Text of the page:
How to run a kid's recycling business.



Overview: The general idea is to help your kids operate their own business by collecting plastic bottles and aluminum cans that the Ratto Group will buy from them for cold hard cash. We've asked a friend to write up some directions for us who has children that have been doing this for years. He feels like it's been a fantastic learning experience for his kids AND they've earned good money as well.

1) Is it right for them? Make sure your children are truly interested in having their own business. Warn them that it's a lot of work and they'll have to work at it every week. The good news is that they can make some good money.

2) What do you want them to collect? Decide what you want to collect for buy back. Personally my decision was to just have my kids collect plastic drinking bottles (like water bottles) and aluminum cans. Both are marked "CA CRV". Those are the items that pay the best, are generally fairly clean and are unlikely to break or cut someone. Any cans/bottles that are CA CRV should be printed with identification, but if you are unsure, come by to the Ratto buy back station so we can show you.

3) Mass collection Look for public places that you visit often that don't currently separate recyclables. We've found that many times if they are not already sorting these items out, they will allow your kids to keep them for themselves. Talk to your kids about what they should say, then set up a meeting with the appropriate manager and let your kids do the talking. You'll need to provide them with a collection container. We've had luck with this at our gym, church and even our kid's school. There are two things to watch out for when you do this though: a - If these locations are nice enough to allow you to collect, then make sure you come by and pick up often. If they have over-flowing collection containers they won't want you to continue. b - Unfortunately, in some public locations you may have problems with people stealing your collections. I haven't found an easy solution for this.

4) Friends and relatives Have your kids talk to your friends and relatives and ask them save recyclables. If you don't see them regularly, make a point of going over and collecting what they've saved for your kids.

5) Neighborhood Print up some flyers and have your kids go door-to-door in your neighborhood asking folks to save recyclables for them. Obviously you should go with them on this adventure. My kids knock on doors when they are doing this and leave a flyer explaining what they are doing if there is no answer. Set up a regular time for your kids to go out collecting in the neighborhood and ask your neighbors to put the recyclables out on their front porch. We do this on Saturdays between 11am and 4pm every week but you can pick any time as long as it's consistent. After a little while we had all the neighbors trained to put out their recyclables so door knocking was rarely necessary. You can start out with just part of your street, then when/if they want to expand the business, they can knock on a few extra doors. We've found that somewhere around 20% of our neighbors consistently have recyclables for our kids.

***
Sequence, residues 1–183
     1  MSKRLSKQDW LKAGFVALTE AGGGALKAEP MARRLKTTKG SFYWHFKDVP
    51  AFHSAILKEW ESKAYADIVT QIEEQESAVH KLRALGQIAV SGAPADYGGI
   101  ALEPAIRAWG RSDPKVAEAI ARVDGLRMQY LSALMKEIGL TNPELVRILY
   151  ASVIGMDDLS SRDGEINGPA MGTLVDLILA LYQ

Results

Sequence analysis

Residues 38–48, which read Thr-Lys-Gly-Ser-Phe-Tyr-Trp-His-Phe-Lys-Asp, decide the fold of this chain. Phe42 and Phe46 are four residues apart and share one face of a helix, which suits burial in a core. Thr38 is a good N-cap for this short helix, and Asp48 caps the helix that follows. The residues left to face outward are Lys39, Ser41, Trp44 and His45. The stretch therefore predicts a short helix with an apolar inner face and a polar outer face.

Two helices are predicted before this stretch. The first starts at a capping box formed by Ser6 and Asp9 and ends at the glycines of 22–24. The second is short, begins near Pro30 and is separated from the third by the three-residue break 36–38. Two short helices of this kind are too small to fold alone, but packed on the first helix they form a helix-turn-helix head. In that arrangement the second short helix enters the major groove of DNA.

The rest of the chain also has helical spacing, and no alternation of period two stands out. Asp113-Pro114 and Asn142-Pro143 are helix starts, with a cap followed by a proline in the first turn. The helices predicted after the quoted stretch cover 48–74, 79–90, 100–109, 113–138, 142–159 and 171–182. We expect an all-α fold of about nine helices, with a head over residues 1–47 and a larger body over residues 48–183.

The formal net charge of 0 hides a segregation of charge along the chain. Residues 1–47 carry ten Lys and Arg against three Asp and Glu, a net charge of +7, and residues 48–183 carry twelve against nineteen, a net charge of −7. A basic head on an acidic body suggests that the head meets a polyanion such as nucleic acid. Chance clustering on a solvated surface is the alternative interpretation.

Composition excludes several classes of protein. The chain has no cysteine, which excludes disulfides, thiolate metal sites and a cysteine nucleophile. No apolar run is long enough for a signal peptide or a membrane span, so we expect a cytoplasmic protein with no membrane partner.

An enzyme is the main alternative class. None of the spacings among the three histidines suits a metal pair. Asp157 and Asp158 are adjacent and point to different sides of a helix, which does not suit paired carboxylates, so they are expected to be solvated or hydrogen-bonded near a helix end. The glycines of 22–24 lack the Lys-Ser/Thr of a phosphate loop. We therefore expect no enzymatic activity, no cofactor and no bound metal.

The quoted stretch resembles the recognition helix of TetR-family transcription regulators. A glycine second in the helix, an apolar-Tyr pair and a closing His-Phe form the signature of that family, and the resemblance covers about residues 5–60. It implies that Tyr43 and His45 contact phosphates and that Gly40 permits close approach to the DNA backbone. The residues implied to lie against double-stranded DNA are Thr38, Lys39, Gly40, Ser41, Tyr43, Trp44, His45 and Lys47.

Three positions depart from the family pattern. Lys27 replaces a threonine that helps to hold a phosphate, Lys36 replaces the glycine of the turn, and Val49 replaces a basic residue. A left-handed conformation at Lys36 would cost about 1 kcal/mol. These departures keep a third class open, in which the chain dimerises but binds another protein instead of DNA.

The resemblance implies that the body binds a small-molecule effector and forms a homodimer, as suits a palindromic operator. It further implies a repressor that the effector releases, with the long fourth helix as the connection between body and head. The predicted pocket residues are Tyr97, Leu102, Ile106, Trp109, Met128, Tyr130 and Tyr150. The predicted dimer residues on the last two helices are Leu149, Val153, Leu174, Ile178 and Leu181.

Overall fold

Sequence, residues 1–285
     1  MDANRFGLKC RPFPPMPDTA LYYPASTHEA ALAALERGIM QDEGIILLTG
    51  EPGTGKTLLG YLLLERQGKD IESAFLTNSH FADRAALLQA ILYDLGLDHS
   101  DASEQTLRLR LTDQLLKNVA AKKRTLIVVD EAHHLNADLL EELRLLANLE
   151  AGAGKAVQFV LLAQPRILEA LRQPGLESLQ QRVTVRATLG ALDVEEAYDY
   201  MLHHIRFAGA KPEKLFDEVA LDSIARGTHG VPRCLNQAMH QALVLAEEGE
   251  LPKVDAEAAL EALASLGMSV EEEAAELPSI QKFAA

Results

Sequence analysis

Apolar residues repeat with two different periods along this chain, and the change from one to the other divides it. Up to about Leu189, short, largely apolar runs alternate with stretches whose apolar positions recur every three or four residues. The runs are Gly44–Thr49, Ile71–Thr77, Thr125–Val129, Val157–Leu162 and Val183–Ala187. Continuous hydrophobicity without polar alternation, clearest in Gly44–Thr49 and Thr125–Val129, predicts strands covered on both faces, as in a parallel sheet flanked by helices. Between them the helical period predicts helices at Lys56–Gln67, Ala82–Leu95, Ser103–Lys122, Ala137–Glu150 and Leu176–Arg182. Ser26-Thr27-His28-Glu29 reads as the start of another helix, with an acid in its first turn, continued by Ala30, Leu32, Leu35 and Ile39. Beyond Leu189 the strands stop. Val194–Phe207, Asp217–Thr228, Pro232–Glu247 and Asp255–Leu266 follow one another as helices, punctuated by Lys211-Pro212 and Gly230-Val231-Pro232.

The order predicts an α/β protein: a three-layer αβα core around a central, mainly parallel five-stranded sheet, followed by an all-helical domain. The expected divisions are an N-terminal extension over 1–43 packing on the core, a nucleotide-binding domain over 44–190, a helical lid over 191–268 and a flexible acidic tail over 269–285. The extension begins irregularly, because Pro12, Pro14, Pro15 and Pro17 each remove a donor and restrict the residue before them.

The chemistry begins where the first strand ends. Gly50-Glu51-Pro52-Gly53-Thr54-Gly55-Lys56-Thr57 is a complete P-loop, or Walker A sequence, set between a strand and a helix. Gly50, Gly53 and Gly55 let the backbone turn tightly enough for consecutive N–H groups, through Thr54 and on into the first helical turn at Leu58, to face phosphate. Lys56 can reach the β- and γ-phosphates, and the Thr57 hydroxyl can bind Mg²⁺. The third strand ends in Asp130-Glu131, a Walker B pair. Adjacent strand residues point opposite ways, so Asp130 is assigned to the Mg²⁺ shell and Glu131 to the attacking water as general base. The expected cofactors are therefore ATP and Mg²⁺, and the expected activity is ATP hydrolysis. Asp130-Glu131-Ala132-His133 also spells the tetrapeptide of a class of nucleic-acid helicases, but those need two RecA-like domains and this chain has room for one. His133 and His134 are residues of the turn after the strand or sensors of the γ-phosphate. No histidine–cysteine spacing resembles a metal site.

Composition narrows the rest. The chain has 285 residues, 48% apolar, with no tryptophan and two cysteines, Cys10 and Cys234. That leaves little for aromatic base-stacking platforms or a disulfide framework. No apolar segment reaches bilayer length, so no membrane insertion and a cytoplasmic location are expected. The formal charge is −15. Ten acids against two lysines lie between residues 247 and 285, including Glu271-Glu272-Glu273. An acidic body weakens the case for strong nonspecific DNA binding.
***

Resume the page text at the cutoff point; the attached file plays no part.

6) Weekly pickup and sorting After their weekly neighborhood walk picking up what neighbors saved for them (supervising them as necessary), I have my kids sort out the plastic bottles from the aluminum cans. Smashing them is not necessary and neither is the removal of caps. Sorting however is needed and it also gives your kids a chance to throw away or recycle anything that was collected that is not CA CRV. Important note: It can be difficult to train well meaning neighbors not to save non-CA CRV. Use as much tact as possible to let them know that you really appreciate their efforts, but that you only want the CA CRV items. Generally speaking it takes my kids about an hour a week to walk our neighborhood collecting, then sort everything that has been collected in the last week. Avoid the temptation to skip sorting. It's easy if you do it weekly but it can turn into a very big job if you save it up. If you are going to be out of town during your normal pick-up time, have your kids put out a flyer ahead of time asking neighbors to hold their recyclables for that week and that they will do a double pickup the following week.


7) Cashing in We save the sorted cans/bottles in yard waste bags. When we have about 10 large bags it's usually time to make a run to the Ratto Buy back center. In our case, I don't have a pickup truck so we call up my Dad who gets in extra "Grandpa time" by driving my kids over with their haul in his truck. Be sure to cover your load! Those bags are not very heavy and we've lost a big bag on the road a couple times. I would encourage you to have your kids load the truck at your house and unload it at the recycling center. It's their business! I prefer to have payment checks cut directly in my children's name so I bring some ID for them. My kids have an old passport that the recycling center accepts.

8) Go to your Ratto buy back center in Santa Rosa or Novato I do genuinely recommend taking your recyclables to a Ratto buy back center. We've tried other locations and none were as good. Some of the others were not kid-friendly (they didn't even let my kids get out of the truck), and some required that all caps be removed from plastic bottles. Ratto buy back locations can be found here.

Some example forms for your childrens saftey:

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